Bond-buying in focus as Bank of Japan decides policy


The bank of Japan is expected to hold interest rates steady on Friday but reports said it could gradually reduce its vast hoard of government bonds as it shifts away from a long-running ultra-loose monetary policy.

The central bank raised rates in March for the first time since 2007 as it seeks to normalise policy without destabilising the world's fourth largest economy.

Most analysts do not predict another hike when officials conclude a two-day policy meeting on Friday.

But the NIKKEI business daily said Thursday they were "discussing adjustments" to the long-standing approach of spending big on bonds and other assets to pump liquidity into the system and keep borrowing costs down.

Each month the BoJ targets monthly government bond purchases of around $38 billion but now decision-makers are debating whether to reduce that, media outlets including Kyodo News said.

Such a move could mark another step away from nearly two decades of quantitative easing, designed to banish stagnation and harmful deflation from Japan's economy.

The scale of the BoJ's total assets is enormous -- larger than the country's gross domestic product -- and the bank holds more than half the value of all Japanese Government Bonds (JGB) in circulation.

Cutting back on bonds has been on the cards for months.

Policymaker opinion cited in the minutes of the BoJ's April meeting said the bank "should indicate its intention to reduce its purchase amount of JGBs" because it "needs to reduce the size of its balance sheet".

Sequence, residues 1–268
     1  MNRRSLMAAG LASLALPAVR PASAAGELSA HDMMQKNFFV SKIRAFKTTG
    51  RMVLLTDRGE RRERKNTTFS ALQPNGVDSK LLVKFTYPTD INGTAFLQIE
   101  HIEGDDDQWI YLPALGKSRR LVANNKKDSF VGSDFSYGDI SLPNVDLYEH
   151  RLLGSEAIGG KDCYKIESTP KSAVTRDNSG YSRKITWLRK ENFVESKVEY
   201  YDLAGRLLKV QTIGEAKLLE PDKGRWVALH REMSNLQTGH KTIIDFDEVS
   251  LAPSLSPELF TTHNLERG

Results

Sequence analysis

Shunsuke Kobayashi, chief economist of Mizuho Securities, told AFP that reducing bond holdings would help the BoJ trim its debt ahead of potential future rate hikes.

At the same time, the bank is facing "pressure from the prime minister's office to address the cheap yen", he said.

Other central banks worldwide aggressively hiked interest rates to tackle soaring inflation in recent years.

But the BoJ has largely stuck to its easy-money policies -- culminating in the Japanese currency hitting a 34-year low in April that led authorities to step into forex markets.

"I believe that it is justified (for the BoJ) to respond with monetary policy to prevent the weak yen from raising import prices and suppressing consumption," Hiroshi Namioka at T&D Asset Management said.

And because reducing government bond purchases is already widely expected, if the BoJ does not decide to do this, the yen will decrease further, he warned.

The BoJ wants to see demand-driven inflation of two percent, which has been met every month since April 2022.

As well as calling time on its outlier negative-rate policy in March, the bank has stepped away from other unorthodox policies including its yield curve control programme, which allowed bonds to move in a tight band.



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